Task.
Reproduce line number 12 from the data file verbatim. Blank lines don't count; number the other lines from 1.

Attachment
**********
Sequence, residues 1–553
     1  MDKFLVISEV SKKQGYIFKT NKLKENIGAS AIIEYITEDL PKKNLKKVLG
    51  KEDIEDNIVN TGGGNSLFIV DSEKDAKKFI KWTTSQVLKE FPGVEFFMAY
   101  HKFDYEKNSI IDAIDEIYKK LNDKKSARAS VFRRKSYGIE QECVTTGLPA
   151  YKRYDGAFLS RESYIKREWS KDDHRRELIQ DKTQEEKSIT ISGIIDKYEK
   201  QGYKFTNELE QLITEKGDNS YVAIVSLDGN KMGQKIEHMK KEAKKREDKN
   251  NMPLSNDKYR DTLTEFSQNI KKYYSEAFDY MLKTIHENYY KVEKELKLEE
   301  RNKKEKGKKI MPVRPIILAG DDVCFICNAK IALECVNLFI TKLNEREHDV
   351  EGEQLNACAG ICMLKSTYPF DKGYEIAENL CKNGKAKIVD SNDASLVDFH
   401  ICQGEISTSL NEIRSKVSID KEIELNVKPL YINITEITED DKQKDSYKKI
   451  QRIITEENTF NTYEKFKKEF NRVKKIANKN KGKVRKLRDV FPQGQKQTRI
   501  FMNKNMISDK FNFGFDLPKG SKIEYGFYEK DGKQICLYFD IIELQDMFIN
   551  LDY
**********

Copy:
   501  FMNKNMISDK FNFGFDLPKG SKIEYGFYEK DGKQICLYFD IIELQDMFIN